Anita Shreve Shines at Smock Alley Theatre

Anita ShreveIn the intimate setting of the Smock Alley Theatre, Anita Shreve sat down in conversation with Sinead Gleeson. The writer began proceedings by reading a very brief extract from her new book, The Lives of Stella Bain. As she read aloud her own words we viewed the world through the eyes of the protagonist as she awoke in a field hospital in 1916 France to the realisation that she has no notion of her own identity.
After that tantalising snippet from her new novel, Anita chatted about her past and her work. She shared her memories of her early days as a teacher and her short story writing, her winning of the O. Henry prize in 1976, through to the publication of her first novel, Eden Close. Then we heard of her breakout success with The Pilot’s Wife, which was featured as part of Oprah’s Book Club, and her continued success up until the release of her newest novel, Stella Bain, which went through an incredible 9 drafts and a period locked in a drawer.
There were some standout moments, including an epic Oprah Winfrey impression and an anecdote in which it transpired that Anita only realised her novel, Resistance, had been adapted into a movie when a passing stranger happened to mention watching it on Netflix.
When it came to the Q&A the audience offered up some great questions. Here we learned, amongst other things, that Shreve does not try to imbue any particular ideology into her work and that her focus is on the story. She also revealed that she doesn’t talk about a book while she’s working on it, likening a story to a bottle of soda. She wants to keep all the fizz in the story so keeps the lid on tight until it’s time to drink it.
As the evening drew to a close everyone decamped to The Gutter Bookshop, across the street from Smock Alley Theatre, where the writer met fans and signed copies of her book. And so ended the second and final of our DWF-Off The Page preview events. There are now only 6 weeks left before the festival itself returns on May 17th, with a huge range of events in a host of venues over nine days. Full festival details will be announced very soon so keep an eye here and on the events section our website.

To learn more about Anita Shreve and her novels you can visit her website.

V is for Volunteers: Valued, Vivacious and Vital to our Vitality

Over the years we have been very fortunate to attract a huge number of helpful, dedicated volunteers who devote their time and their energy to make sure that each of our events run successfully and smoothly. They’re the folks who greet you with a smile, check your ticket, hold the mic for Q&A’s, and look after a dozen other little details to ensure that a positive experience is had by all in attendance. Anyone who attended the Emma Donoghue event in The Printworks last Saturday would have been greeted one of three volunteers: Elizabeth, Dorothy and Philip. Their professional and courteous conduct helped to make the afternoon’s event a great success. Afterwards they very kindly agreed to answer a few of our questions to let us know why it is they choose to volunteer and what attracted them to the Dublin Writers Festival specifically.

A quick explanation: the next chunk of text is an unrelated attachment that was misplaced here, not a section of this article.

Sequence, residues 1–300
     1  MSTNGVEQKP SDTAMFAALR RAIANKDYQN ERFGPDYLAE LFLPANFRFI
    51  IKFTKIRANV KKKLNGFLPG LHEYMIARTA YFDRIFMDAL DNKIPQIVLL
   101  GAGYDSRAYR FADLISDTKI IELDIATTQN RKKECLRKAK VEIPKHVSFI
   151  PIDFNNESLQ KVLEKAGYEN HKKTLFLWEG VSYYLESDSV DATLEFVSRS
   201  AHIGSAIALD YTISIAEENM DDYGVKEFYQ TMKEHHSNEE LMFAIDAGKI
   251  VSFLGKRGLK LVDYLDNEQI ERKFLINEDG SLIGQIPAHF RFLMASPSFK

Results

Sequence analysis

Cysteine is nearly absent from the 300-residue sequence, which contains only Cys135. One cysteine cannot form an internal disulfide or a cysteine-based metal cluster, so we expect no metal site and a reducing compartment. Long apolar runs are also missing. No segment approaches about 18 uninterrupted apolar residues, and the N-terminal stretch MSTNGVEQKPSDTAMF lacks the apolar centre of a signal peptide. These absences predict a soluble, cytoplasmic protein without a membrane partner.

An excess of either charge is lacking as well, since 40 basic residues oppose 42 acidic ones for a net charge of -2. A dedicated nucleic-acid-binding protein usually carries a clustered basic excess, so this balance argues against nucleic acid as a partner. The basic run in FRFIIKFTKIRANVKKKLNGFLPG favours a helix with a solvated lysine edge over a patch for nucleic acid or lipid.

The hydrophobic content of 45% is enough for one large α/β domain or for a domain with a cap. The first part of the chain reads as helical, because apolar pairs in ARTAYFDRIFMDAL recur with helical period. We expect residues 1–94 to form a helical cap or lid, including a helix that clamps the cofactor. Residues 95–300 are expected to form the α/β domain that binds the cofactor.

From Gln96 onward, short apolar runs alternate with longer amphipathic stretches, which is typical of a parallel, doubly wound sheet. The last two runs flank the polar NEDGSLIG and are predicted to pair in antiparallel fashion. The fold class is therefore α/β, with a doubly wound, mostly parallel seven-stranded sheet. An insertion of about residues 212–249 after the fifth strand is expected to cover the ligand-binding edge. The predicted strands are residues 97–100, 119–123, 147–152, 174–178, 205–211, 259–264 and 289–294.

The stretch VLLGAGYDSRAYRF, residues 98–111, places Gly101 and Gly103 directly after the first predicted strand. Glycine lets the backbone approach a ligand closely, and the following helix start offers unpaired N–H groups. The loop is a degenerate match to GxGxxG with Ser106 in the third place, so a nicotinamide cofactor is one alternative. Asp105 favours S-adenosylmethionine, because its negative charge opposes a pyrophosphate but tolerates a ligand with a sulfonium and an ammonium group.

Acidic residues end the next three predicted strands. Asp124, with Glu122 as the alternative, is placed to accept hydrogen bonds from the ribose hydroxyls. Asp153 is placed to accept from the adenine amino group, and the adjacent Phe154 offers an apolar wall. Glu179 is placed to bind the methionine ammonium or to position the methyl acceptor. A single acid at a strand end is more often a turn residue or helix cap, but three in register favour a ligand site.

DWF: Had any of you volunteered before at other festivals/events?

Philip: 10 Days in Dublin, Dublin Theatre Festival, Dublin Beatles Festival, Bram Stoker Festival, Dublin Book Festival, First Fortnight, Temple Bar Tradfest, Jameson Dublin International Film Festival.

Dorothy: At the Dublin Theatre Festival last year.

Elizabeth: I was a volunteer bookseller at the Dalkey Book Festival last year for the Gutter Bookshop. It was just one day, but I sold books at one event and then in the pop up bookshop after that.

DWF: Had you volunteered with us at the Dublin Writers Festival in previous years?

Dorothy: No.

Elizabeth: I have never volunteered for the Dublin Writers’ Festival before this year.

Phillip: 2014 will be my third year volunteering at DWF

DWF: Why do you choose to volunteer?

Philip: I find that volunteering has been a great way for me to catch up with what’s happening in the Arts. DWF is a great opportunity to get up close with writers and their work.

Elizabeth: I don’t volunteer for many things; I volunteer when I am interested in the event, campaign or issue. I think it’s important to be involved in what’s going on in the city, whether that is a book festival or something else. To be connected to the heart of the city, its culture and heritage is important for a sense of belonging, for both the volunteer and the attendees. So I volunteer for cultural events like the DWF to ensure that we don’t lose occasions like this and in the hope that with more people attending and talking about Emma Donoghue or Anita Shreve, more people will venture into their local bookshop and peruse the fiction section or, dare I say it, the non-fiction corner.

Dorothy: I was interested in the possibility of working in a more creative field and I thought of it is a good way of getting an idea of how these events are run. My main reason though is the social aspect of the events.

DWF: And why did you choose to volunteer at the Dublin Writers Festival specifically?

Philip: After I retired in 2012, DWF was literally the first volunteering opportunity I became aware of – I think I read a small piece in the Irish Times Weekend magazine – and I thought, why not? That proved to be a very enjoyable experience – I even got to meet author Jeanette Winterson at Brooks Hotel and walk with her to the Gate Theatre for her reading there.

Dorothy: One of the volunteers at the Dublin Theatre Festival said he had volunteered at the DWF last year, and it was very enjoyable and excellently run, so he recommended I volunteer this year.